Like Us

There are a lot of people in the world. A lot of these people don’t think like you do. They don’t seem to share the same world view, values, or beliefs. They’re not like us.

This has always been true. Maybe the internet continues to throw this truth in our face - a truth which we were never designed to address as insecure, fearful, tribal primates. Maybe it compels us to cling to the tribes which reenforce our world view more velocity than ever before.

Of course, it doesn’t help that we can’t actually see the people behind the post, the like, the retweet. We can’t visualize the real humans who make up the tribes which we build up as the antithesis of everything that is good. If we did, maybe we’d see them through a wider lens - one which encompasses all of their personhood. The places where you agree and the ones where you don’t; the insecurities you share and how they got there; the bad and the good.

In the end, it’s easy to find the ways in which people aren’t like us, but the magic happens when we find the ways in which they are.

Berry Brains

It seems early humans were pretty good at pattern detection as it relates to berries. We'd quickly learn which ones would provide a quick snack, and which ones would do harm.

Of course, modern humans treat brands in much the same way. As we get older, we grab the familiar logo over the strange new offerings.

Maybe our berry brains are still in full-effect, protecting us from the dangers in a world that is filled with excessive choice. But maybe when we recognize what's going on, we’re given an entirely new kind of choice.

Fake Plastic Trees

Plants are messy. You have to keep feeding them, they get sick, they die.

Plastic foliage has none of these problems. They stay perfect and remain so for hundreds of years (even after humans are gone).

Maybe we put them up as placeholders - things which we hope nobody pays too much attention to. We want the advantage of the imagery, without the effort that goes into it.

The problem is that when people do pay attention, it has the opposite effect.

Good Persons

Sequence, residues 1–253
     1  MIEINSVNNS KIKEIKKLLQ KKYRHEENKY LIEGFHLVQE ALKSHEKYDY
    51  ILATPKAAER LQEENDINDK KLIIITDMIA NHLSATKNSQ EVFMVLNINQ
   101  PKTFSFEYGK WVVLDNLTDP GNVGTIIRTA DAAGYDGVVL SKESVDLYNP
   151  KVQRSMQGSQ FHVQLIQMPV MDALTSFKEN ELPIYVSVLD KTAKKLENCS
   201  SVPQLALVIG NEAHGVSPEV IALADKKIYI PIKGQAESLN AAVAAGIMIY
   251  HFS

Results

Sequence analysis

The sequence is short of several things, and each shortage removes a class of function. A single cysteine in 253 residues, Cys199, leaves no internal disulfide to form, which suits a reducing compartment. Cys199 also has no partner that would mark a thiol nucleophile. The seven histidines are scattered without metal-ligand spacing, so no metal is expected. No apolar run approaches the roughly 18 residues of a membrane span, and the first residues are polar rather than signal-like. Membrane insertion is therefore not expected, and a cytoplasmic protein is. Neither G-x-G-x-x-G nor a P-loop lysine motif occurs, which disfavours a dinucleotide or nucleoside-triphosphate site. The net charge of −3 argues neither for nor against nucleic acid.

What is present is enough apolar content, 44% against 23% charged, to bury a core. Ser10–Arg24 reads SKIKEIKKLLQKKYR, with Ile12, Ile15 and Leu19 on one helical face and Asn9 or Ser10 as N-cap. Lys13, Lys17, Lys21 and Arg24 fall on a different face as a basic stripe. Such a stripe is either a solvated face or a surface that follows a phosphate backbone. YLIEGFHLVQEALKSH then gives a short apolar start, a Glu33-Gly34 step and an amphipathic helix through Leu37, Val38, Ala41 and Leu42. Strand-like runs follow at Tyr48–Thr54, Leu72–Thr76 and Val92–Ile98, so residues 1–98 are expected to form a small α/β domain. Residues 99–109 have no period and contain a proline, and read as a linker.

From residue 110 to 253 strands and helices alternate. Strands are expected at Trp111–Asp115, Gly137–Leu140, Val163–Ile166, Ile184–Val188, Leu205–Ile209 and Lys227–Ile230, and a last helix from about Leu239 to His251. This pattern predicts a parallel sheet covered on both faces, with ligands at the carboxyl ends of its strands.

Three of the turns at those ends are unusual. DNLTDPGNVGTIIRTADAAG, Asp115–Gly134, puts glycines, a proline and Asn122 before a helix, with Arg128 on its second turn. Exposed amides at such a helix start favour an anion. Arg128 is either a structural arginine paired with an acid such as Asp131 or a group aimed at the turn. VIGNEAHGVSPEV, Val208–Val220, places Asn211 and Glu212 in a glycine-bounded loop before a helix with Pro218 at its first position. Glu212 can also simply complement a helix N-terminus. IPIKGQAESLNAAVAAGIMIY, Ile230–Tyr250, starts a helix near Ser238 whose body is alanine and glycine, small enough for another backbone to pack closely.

Maybe doing a bad thing doesn’t make you a bad person.

Maybe doing a stupid thing doesn’t make you a stupid person.
Maybe doing a good thing doesn’t make you a good person.

Of course, personhood is more complicated than the labels we gives ourselves, and others.

Maybe we’re all of these things, all the time.


Our attachments are dear to us. The labels, identities, and thoughts we perpetuate and attach to ourselves make us feel like us. Of course, we spend a lot of energy reorganizing our attachments so they don't conflict - shedding some and gaining others - so we feel consistent.

When someone attacks, discredits, or belittle an attachment we hold, it hurts. Sometimes it hurts because we're worried about the attachment - we want to protect it. Most of the time, however, it hurts most because it questions our consistency.

If this isn't true, then who am I?

Maybe the higher order our mental attachments are, the more surface area we introduce for pain. Attaching yourself to the idea that the earth is round is specific, and probably pretty safe. Attachment to being the one with all the answers - attachment to being a good person - attachment to being funny, attractive, intelligent, informed, unique, morally superior. These are big, and they're going to be attacked.

If this isn't true, then who am I?

Maybe how we respond when our attachments are questioned change the energy of a conversation. And, as conversations bubble up to discourse, maybe the quality of our discourse changes our connections, norms, and communities.

Maybe we invite others to shed their attachments by throwing away our own, right in front of them. Right where they can see it.

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